You are currently viewing Modeling Organic Aerosol Changes in the Southeastern US: Assessing Biogenic and Anthropogenic Influences from 2001 to 2010
Illustration from Dinkelacker et al., (2024) paper. Contiguous United States simulation domain. The boundary of the southeast United States, for the purposes of the analysis in this work is highlighted in red.
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FORCeS and FORTH project participants Ksakousti Skyllakou (WP1) and Prof. Spyros Pandis (WP1 and WP5) are co-author on the newly published paper “Predicted and observed changes in summertime biogenic and total organic aerosol in the southeast United States from 2001 to 2010”. In this study, the researchers involved have investigated the ability of a chemical transport model (PMCAMx) to predict the concentrations of organic aerosols (OA) in the southeast United States during the summers of 2001 and 2010.

Biogenic secondary organic aerosol (bSOA), a significant component of particulate matter, is influenced by emissions of biogenic volatile organic compounds (VOCs) and anthropogenic sources. The model, incorporating detailed gas-phase chemistry, volatility-based secondary organic aerosol (SOA) formation, and compound interactions, successfully predicted OA concentrations for both periods in urban and rural areas. Although the fractional error of OA predictions remained consistent, the fractional bias increased at some sites. Notably, anthropogenic SOA decreased by 45% from 2001 to 2010, while biogenic OA increased, resulting in a higher biogenic fraction of total OA.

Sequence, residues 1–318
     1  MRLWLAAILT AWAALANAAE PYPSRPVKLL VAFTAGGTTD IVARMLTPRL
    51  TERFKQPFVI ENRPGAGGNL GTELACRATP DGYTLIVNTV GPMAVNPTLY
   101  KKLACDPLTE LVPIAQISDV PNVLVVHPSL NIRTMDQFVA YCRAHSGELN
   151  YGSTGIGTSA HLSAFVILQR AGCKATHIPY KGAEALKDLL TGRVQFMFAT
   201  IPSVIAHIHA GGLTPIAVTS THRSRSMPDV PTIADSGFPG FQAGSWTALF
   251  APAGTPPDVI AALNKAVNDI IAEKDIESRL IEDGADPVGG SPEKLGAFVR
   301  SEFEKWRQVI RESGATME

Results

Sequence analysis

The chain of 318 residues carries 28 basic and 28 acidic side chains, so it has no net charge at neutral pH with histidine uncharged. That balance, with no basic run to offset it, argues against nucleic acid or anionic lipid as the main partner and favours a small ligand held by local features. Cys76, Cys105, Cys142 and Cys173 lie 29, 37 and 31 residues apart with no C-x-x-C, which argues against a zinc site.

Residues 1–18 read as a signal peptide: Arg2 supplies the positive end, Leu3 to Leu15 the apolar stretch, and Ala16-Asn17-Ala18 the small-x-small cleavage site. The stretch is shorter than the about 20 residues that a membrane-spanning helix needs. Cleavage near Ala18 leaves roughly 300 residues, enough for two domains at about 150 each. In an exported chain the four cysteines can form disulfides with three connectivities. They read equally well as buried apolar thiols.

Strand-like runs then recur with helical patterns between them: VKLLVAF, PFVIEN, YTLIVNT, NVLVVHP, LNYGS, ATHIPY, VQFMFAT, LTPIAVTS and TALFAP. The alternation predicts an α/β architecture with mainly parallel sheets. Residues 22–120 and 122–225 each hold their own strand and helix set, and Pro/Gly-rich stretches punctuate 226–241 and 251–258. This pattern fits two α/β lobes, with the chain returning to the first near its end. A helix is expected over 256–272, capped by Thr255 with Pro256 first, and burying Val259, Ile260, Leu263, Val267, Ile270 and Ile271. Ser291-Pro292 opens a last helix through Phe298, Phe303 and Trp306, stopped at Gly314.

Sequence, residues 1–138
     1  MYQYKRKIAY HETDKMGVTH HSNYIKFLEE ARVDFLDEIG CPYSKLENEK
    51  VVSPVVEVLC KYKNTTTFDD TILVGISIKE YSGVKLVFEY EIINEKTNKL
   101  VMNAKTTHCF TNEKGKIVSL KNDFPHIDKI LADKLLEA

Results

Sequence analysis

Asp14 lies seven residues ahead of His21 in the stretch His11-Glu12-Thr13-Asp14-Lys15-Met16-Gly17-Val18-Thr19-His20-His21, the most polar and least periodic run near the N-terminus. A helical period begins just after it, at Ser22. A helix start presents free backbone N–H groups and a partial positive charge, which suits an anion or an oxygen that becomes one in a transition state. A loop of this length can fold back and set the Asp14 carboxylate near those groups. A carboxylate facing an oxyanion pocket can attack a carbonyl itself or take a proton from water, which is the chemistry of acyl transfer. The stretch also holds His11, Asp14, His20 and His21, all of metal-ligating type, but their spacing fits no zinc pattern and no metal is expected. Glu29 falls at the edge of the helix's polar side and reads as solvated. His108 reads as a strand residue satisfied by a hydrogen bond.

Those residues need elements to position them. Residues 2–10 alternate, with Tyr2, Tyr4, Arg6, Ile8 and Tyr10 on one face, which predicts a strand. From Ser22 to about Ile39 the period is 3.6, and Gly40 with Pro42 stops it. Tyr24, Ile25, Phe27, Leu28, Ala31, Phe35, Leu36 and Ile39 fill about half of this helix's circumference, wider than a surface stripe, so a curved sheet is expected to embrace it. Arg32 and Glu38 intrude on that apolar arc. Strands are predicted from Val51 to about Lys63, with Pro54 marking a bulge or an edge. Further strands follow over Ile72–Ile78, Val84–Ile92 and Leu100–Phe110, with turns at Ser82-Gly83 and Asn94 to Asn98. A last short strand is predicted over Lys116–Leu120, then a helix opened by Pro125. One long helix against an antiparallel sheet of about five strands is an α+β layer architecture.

The study concludes that the model accurately simulates changes in a region with abundant biogenic VOCs and SOA. Read more about the results of this study, published in Atmospheric Environment on January 1st 2024, under publications or by clicking here.